State Funds for Public Schools

Gertrude Folks
1920 The Elementary school journal  
The educational system of a democracy must insure to all full, free, and equal opportunity for that kind and degree of education that will develop most completely the native ability of each and the highest degree of manhood of all, with the fullest possible measure of the sweetness and light which we call culture. For its support, therefore, it has first and indisputable claim on all the resources of the State and all the wealth of the people.' IAn Educational Study of Alabama. THE ELEMENTARY
more » ... HOOL JOURNAL [January Accordingly, expenditures for such purposes as industrial, agricultural and vocational work, evening and continuation schools, normal schools and teacher training, care of defectives, transportation, tuition, textbooks, and libraries are excluded. Special provisions arising from purely local conditions, such as compensation for counties containing large areas of nontaxable land, are not considered. It must be borne in mind, moreover, that this article deals only with the apportionment to counties of state funds and does not consider the apportionment to districts of county funds. These are seldom on the same basis, but a right distribution of county funds does not rectify a wrong distribution of state funds, for the latter determine in part the amount of county funds available. All use subject to University of Chicago Press Terms and Conditions ( 1920] STATE FUNDS FOR PUBLIC SCHOOLS 371 see, and Vermont, devote them to general equalization purposes rather than merely to maintaining the prescribed length of term. Four states, as a means of securing assistance 'or communities proportional to their need, apportion part of their funds on a valuation basis. In Massachusetts an annual grant of $75, $150, $300, or $500 is made to towns having a valuation of not more than $2,500,000, the amount being in inverse proportion to their total valuation. The New York system is similar, the amount varying from $125 to $200. In New Hampshire, however, the basis is not total valuation, but equalized valuation per pupil in average daily attendance during the preceding year, and the grant ranges from $0.75 to $1.50 per week. Connecticut divides towns having a valuation of $2,500,000 or less into five classes, and pays from 15 to 60 per cent of the expenditure for teachers' salaries, the percentage being inversely proportional to the valuation. Two other states, Maine and New Jersey, apportion part of the funds according to valuation, but in a direct, not an inverse, proportion; this is not intended to secure a distribution based on need, and it will be discussed under flat-rate systems. The attempt to stimulate effort has been approached from many angles and the different plans employed will be outlined briefly: Local taxation.-Many states require that the local unit shall levy a school tax of a specified minimum-usually very low-before being entitled to receive state funds. Four states, however, make a direct increase in the amount granted to counties with a high tax rate. Alabama gives $1,000, $2,000, or $3,000 to each county collecting a special school tax of one, two, or three mills, respectively. North Dakota doubles and triples its apportionment to rural, graded, and consolidated schools, if a specified high tax is levied. Minnesota contributes to a district levying a tax in excess of twenty mills one-third of the amount raised by such excess levy (within a maximum limit). Massachusetts, after the apportionment based on valuation is paid (see above), distributes the remainder of the school fund to towns of not more than $2,500,000 valuation, and whose annual tax for schools is not less than one-sixth of their whole tax, in proportion to the percentage which the school tax is of the whole tax in excess of one-sixth. Attendance and enrolment.-Eight states base the distribution of their funds in part, at least, upon enrolment or attendance, thus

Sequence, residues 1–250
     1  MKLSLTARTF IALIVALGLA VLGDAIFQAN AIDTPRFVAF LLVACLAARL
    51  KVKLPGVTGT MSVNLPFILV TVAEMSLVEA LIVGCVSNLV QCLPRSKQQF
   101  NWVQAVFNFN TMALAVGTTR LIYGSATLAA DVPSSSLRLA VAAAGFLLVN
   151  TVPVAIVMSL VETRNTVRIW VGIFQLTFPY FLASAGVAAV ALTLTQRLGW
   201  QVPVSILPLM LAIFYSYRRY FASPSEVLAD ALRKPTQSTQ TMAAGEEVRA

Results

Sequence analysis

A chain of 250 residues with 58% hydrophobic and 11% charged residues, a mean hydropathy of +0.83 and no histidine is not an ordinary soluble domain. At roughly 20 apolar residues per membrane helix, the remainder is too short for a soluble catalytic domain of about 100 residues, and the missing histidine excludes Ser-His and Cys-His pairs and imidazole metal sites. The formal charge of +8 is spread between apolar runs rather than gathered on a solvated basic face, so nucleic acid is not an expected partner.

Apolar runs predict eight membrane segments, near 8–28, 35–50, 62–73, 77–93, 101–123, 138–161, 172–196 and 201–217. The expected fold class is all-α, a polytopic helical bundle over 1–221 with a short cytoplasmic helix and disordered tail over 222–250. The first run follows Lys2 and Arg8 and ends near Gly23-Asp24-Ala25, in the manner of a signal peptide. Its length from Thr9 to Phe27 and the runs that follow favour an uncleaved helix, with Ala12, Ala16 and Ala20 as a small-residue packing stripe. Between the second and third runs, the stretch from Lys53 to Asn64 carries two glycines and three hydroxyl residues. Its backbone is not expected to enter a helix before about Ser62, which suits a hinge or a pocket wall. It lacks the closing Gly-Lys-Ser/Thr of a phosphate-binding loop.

doi:10.1086/454754 fatcat:4e33a4mjgzakznglqadju2mcly